Olanzapine
Quetiapine
Haloperidol
Chlorpromazine or CPZ Commonly used anti-psychotics Should include information; accommodation; help with finding suitable work; training and education; psychosocial rehabilitation and mutual support groups.

Understanding and acceptance by the community is very important Educational and community programs Treatment of emotional, behavioral, personality, and psychiatric disorders based primarily on verbal or nonverbal communication and interventions with the client, in contrast to treatments using chemical and physical measures.

Aims to facilitate the healthy maturation of the adolescent, to help them to develop a concept of an independence, which modifies, selects, controls and coordinates instinctual impulses and excludes or modifies those that are in conflict with the external reality.

Helps clients and their relatives to understand their illness Psychotherapy (talking treatment) Non psycho pharmacological treatment

Individual psychological approaches

Produce significant improvements in psychotic symptomatology and in distress associated with psychotic symptoms
- Helpful in later stages of the illness
- Compliance enhancement or in developing better control of residual symptoms Cognitive Behavioural Therapy Involvement of the family in assessment, treatment, discharge and follow up

Important to consider family therapy when working with young adults and families

Focuses the identified problems with the child and how family has dealt with these issues, including family based assessments and treatments and attentions to the whole family Family involvement and support Should include working with both the parents and the child.

Targeted at improving family functioning, problem solving, communication skills, and relapse prevention have been shown to decrease relapse rate in adults. Psychosocial interventions - Confidentiality and Trust

- Stigma and embarrassment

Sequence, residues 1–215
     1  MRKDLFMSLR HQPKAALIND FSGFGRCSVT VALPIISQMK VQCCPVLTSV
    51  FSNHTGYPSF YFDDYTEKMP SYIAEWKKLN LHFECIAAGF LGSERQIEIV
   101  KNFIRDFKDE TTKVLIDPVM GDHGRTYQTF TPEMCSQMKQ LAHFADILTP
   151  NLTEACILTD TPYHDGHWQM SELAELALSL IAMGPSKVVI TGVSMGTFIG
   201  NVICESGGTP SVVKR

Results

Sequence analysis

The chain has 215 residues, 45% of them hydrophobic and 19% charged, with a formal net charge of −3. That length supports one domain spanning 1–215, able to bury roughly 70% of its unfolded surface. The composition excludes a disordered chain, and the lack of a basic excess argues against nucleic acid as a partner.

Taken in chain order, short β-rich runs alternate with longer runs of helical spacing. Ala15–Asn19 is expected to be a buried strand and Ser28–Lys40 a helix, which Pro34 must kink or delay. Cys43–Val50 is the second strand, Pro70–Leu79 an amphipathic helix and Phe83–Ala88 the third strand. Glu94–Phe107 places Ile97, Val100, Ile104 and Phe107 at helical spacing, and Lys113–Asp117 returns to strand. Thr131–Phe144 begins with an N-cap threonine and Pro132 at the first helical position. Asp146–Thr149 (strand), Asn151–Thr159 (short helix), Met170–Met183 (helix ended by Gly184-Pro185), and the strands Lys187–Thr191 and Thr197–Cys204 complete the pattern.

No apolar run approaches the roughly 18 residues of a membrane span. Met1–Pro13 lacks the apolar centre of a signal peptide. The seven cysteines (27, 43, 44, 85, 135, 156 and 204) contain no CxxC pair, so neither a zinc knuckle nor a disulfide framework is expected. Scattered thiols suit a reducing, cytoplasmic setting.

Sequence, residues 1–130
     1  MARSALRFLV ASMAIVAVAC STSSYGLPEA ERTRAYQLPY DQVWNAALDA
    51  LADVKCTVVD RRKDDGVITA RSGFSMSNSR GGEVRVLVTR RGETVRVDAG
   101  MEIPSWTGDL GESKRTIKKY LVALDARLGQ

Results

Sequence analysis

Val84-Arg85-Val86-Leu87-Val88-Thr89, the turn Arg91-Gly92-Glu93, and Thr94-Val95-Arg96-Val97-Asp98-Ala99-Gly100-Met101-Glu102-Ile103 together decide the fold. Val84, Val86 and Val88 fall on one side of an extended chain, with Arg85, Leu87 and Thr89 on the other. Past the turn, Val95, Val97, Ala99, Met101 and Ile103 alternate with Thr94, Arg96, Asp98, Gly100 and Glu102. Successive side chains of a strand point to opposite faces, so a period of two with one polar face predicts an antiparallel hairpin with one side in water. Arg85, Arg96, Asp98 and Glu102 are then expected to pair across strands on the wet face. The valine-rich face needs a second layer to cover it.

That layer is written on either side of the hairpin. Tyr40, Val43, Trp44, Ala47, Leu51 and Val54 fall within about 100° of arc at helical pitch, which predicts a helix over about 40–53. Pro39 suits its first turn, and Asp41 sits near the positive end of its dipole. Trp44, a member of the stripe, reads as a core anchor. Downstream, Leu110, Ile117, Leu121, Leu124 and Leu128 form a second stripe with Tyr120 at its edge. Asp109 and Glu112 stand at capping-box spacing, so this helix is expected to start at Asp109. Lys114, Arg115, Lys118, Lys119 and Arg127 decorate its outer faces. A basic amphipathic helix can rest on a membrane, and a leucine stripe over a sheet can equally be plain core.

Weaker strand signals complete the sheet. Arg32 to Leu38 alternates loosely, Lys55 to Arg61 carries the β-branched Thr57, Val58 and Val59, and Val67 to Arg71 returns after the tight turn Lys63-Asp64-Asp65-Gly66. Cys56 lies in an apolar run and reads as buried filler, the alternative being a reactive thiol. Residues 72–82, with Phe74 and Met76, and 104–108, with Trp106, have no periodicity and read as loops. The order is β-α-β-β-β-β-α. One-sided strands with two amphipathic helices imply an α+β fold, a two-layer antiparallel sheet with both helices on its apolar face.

- Self-reliance to solve problems

- Poor mental help literacy

- Knowledge about mental health services

- Negative attitudes toward mental health services

- Suicidal thoughts

- Lack of emotional competence

- Prefer other sources of help(e.g. family or friends) BARRIERS TO SEEKING HELP - Limited availability of professional services (Rural & Remote Communities)

- Lack of accessibility (Time, transport or cost)

- Lack of anonymity (Residents’ lives are clearly visible to the community) Multidisciplinary teams (MDTs) have become the norm in most forms of service delivery in metal health.

Provide a structure for most effectively meeting the needs of individuals with mental illness and their family and carers.

Support function for staff who face the challenge of meeting the varied needs of consumers and families while grappling with the complexities of serious mental illness.

Multidisciplinary mental health team
- Psychiatrist
- Nurse
- Social worker
- Psychologist
- Occupational therapist
(Mental Health Professional Online Development 2011) Contribution of the members of the multidisciplinary team Responsible for the biological aspects of treatment for diagnosing mental disorders and prescribing medication.

Usually the team leader

Responsible for the admission and discharge of patients, and for authorising special leave or close observation. (Elder 2009) Psychiatrist Bring skills in psychometric and neuro-psychological testing and diagnosis, and knowledge of developmental psychology and learning theories, as well as expertise with cognitive behavioural therapy. (Elder 2009) Psychologist Bring skills in psychosocial assessments and inter-agency liaison, with a knowledge of the law, social policy and how social systems affect young adults and adolescents within families. (Psychiatric Services Branch, Victorian Government Department of Health and Community Services 1996 )

Provide support for families, provide talking therapies, advise in relation to housing, finances, and supports. (Elder 2009) Social worker Help adolescents and young adults in developing the independent living skills they require, alongside school staffs, social worker and youth worker.

Help to organise leisure or work activities and the development of social and sexual relationships.

Provide group therapy in order to facilitate peer group experience alongside individual cognitive behavioural therapy and family work